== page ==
Review: Motorola CLIQ
The CLIQ runs Android with the MOTOBLUR user interface on top of it. The core, underlying Android menus are completely unchanged. What really sets the phone apart from other Android devices is MOTOBLUR.
Similar to HTC's Sense UI, MOTOBLUR extends the usable home screen space to five screens rather than the stock three. This means you have plenty of space to load up the CLIQ with apps, shortcuts, widgets or whatever. Out of the box, BLUR's Happenings, Updates and Messaging widgets are on the home screen. Happenings is a constant live stream of all your friends' Twitter and Facebook status updates. Updates are all of your Twitter and Facebook status updates. Messaging is a master inbox that combines your SMS/MMS and IM messages with Facebook messages and Twitter direct messages.
I'll tell you straight up: I love social networking, especially Twitter. I loved the concept of having a live feed of all my friends' updates on my phone's home screen. But in reality, it is simply overwhelming — and flat-out dangerous for your privacy (more on that in a minute).
As I mentioned earlier, I follow about 2300 people on Twitter. Guess what that means? People are posting updates every. Single. Second. Now, the phone doesn't beep at you, or vibrate each time a message comes in, but the feed updates all the time. I had to get it off of the main home screen and move it off the the side, because I found it to be too distracting.
Motorola has also plopped a news feed and an entertainment feed on the home screen of the CLIQ. All of these feeds can be opened and read separately. You simply press the feed, and start swiping from story to story, or update to update. In the news and entertainment feeds, you often have to click on a link and go to a full web site to read a story. All of the feeds can be customized so the content you want is delivered to the home screen.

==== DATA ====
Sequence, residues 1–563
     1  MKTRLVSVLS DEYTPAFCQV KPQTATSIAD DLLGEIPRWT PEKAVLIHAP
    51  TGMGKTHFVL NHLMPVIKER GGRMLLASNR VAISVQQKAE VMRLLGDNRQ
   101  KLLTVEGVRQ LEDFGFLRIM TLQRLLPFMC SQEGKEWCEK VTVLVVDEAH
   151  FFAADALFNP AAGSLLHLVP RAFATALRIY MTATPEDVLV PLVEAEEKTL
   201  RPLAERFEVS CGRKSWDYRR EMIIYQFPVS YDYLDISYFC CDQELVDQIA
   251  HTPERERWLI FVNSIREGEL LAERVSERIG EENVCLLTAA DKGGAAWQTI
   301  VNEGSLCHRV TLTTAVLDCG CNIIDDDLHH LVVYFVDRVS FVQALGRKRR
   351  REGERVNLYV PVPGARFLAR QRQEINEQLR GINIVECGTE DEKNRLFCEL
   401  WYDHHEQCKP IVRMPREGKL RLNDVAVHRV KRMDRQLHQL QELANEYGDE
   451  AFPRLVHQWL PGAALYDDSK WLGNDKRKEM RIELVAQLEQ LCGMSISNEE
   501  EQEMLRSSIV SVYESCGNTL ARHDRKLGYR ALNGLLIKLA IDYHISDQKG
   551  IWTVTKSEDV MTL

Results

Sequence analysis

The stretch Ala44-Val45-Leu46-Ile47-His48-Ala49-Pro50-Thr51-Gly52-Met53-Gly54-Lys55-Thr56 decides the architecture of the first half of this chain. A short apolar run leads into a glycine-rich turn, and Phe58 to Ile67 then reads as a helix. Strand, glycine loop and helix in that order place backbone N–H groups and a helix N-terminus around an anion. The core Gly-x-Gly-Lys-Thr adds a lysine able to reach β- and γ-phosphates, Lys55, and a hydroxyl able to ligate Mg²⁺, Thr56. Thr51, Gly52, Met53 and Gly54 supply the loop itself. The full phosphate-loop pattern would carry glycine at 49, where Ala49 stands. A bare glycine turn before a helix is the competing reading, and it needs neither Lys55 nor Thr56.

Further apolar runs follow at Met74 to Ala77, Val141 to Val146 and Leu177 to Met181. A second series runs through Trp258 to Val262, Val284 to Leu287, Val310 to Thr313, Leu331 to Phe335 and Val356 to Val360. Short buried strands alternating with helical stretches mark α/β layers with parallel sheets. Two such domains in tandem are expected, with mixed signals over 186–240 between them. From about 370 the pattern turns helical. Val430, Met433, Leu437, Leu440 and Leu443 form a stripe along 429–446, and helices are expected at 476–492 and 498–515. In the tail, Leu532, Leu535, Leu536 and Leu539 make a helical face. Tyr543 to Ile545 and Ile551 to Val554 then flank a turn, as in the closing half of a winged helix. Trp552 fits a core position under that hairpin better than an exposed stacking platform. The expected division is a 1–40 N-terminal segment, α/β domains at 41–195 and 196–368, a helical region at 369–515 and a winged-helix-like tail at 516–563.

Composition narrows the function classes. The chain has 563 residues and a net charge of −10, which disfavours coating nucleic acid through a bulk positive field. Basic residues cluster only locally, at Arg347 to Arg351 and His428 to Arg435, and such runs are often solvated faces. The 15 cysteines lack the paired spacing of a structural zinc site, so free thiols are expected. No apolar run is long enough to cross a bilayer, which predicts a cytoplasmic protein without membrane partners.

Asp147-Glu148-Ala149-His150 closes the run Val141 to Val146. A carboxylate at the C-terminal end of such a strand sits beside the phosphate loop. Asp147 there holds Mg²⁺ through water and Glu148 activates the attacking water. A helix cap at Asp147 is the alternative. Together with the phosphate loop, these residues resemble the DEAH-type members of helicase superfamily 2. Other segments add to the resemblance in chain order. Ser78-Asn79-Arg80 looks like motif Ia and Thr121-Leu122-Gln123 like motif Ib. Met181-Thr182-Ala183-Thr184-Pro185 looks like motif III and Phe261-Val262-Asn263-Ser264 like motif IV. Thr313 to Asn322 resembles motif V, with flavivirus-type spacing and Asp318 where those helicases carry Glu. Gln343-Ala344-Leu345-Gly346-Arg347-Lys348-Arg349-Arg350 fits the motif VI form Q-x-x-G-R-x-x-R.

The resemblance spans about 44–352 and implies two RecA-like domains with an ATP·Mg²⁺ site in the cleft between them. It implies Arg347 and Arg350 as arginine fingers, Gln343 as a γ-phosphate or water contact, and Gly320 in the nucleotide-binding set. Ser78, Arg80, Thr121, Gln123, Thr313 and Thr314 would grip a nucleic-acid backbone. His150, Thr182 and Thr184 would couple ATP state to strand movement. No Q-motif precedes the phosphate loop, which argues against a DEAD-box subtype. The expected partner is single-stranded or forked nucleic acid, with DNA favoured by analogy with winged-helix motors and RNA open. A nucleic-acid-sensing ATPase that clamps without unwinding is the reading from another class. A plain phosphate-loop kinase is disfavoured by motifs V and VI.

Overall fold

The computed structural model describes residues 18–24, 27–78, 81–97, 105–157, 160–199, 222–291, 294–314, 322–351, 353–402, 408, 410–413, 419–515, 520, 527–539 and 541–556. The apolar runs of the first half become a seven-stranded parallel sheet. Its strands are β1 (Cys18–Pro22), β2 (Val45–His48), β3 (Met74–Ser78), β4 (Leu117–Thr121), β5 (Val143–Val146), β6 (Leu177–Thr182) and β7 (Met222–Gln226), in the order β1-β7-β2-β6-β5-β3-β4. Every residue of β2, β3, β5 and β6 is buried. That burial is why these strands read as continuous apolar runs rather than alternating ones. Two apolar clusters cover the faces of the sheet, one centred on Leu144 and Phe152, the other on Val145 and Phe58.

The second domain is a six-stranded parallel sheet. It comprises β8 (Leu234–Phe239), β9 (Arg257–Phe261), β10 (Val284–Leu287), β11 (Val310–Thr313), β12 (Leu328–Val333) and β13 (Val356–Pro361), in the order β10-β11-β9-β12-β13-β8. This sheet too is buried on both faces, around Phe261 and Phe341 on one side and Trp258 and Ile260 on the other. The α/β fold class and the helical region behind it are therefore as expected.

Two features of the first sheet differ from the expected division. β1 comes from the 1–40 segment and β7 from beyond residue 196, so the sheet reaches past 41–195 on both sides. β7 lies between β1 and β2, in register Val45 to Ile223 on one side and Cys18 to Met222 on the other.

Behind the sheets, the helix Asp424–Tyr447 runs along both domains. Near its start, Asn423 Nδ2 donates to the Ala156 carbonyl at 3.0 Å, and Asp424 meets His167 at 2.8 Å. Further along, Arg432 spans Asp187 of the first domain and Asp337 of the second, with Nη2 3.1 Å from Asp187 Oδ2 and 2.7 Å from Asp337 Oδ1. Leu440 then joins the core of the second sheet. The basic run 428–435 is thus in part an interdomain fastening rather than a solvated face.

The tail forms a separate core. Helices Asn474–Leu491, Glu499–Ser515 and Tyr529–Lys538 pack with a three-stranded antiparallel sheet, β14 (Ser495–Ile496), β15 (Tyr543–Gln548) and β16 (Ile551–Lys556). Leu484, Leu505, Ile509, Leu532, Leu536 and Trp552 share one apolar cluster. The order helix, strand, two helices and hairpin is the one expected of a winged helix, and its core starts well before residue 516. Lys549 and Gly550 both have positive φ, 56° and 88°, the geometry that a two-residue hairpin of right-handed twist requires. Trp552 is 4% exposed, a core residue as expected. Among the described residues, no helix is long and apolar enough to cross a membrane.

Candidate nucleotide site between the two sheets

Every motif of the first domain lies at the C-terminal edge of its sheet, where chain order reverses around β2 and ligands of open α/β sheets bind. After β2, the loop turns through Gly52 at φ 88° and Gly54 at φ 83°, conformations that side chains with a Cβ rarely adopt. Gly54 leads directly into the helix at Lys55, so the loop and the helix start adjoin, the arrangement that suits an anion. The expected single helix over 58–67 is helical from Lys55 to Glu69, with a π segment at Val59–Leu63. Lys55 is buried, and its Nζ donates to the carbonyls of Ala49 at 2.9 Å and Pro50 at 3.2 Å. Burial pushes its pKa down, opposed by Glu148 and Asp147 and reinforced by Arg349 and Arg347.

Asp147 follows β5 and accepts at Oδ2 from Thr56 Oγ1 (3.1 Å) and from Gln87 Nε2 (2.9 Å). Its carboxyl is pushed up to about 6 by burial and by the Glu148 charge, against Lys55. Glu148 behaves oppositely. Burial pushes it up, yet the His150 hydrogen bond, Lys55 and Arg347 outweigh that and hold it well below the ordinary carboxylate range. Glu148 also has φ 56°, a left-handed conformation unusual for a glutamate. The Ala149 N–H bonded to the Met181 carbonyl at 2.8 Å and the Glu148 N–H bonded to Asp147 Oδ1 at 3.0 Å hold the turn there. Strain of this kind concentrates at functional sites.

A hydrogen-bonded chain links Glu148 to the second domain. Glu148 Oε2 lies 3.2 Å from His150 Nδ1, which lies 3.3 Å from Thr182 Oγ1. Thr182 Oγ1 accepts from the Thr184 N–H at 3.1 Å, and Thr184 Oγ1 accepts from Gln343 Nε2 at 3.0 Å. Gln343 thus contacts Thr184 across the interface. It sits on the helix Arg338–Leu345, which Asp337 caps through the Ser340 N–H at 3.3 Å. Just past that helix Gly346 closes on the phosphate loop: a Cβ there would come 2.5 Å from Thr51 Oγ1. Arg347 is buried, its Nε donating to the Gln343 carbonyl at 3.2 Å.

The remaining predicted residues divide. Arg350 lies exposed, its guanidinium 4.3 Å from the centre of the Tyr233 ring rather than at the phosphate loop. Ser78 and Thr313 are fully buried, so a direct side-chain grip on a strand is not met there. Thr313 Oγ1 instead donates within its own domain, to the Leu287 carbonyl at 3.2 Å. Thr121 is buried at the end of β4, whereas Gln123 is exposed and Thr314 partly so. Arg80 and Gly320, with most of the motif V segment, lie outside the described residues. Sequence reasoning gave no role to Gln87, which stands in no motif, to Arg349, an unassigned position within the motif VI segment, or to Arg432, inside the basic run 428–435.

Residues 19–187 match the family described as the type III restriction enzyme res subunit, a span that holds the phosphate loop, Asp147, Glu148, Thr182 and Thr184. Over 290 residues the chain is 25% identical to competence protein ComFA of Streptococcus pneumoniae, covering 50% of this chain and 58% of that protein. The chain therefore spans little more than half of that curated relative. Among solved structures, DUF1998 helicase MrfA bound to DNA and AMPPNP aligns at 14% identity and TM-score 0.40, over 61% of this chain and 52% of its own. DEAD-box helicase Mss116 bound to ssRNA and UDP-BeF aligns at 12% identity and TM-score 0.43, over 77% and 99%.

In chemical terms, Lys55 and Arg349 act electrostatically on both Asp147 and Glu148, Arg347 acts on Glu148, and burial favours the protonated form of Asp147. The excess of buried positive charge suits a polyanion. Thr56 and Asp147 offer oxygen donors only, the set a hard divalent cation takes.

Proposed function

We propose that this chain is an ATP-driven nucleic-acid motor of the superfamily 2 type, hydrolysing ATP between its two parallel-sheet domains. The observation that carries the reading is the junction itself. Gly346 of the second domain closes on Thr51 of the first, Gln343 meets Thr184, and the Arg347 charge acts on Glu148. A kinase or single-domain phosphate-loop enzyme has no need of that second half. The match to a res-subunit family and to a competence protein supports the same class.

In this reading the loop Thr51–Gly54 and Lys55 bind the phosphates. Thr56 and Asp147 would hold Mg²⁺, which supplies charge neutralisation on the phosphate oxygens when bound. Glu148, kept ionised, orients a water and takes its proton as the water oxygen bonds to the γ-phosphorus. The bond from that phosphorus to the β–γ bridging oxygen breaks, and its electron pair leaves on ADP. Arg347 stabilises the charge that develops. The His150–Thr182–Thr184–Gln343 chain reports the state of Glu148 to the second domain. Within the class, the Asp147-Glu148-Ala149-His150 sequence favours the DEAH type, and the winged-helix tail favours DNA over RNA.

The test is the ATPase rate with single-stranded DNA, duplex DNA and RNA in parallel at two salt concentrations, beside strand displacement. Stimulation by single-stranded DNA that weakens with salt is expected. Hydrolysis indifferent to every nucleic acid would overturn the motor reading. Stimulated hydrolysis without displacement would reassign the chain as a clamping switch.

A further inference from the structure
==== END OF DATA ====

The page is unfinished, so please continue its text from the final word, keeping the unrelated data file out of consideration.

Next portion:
In fact, all of the widgets can be customized, deleted, moved, whatever. Each user has plenty of choice when it comes to making the basic experience of the CLIQ their own.
On the privacy issue. The CLIQ strongly recommends that you set a password lock for the phone during the set-up process. After using BLUR for a while, I can see why. All of your messages are pushed to the home screen automatically. Anyone who picks up the phone will have instant access to your messages and Twitter/Facebook feeds and can read the messages directly on the home screen. Trust me, you don't want that. Password protect your phone or move Happenings and Messaging off the main home screen.
Last point I'll make here: the CLIQ is deadly slow. Transitioning from app to app, or screen to screen, or whatever just takes forever. Given the presence of lag on so many Android handsets I am beginning to wonder if the minimum specs for processor speeds are high enough to really support the platform.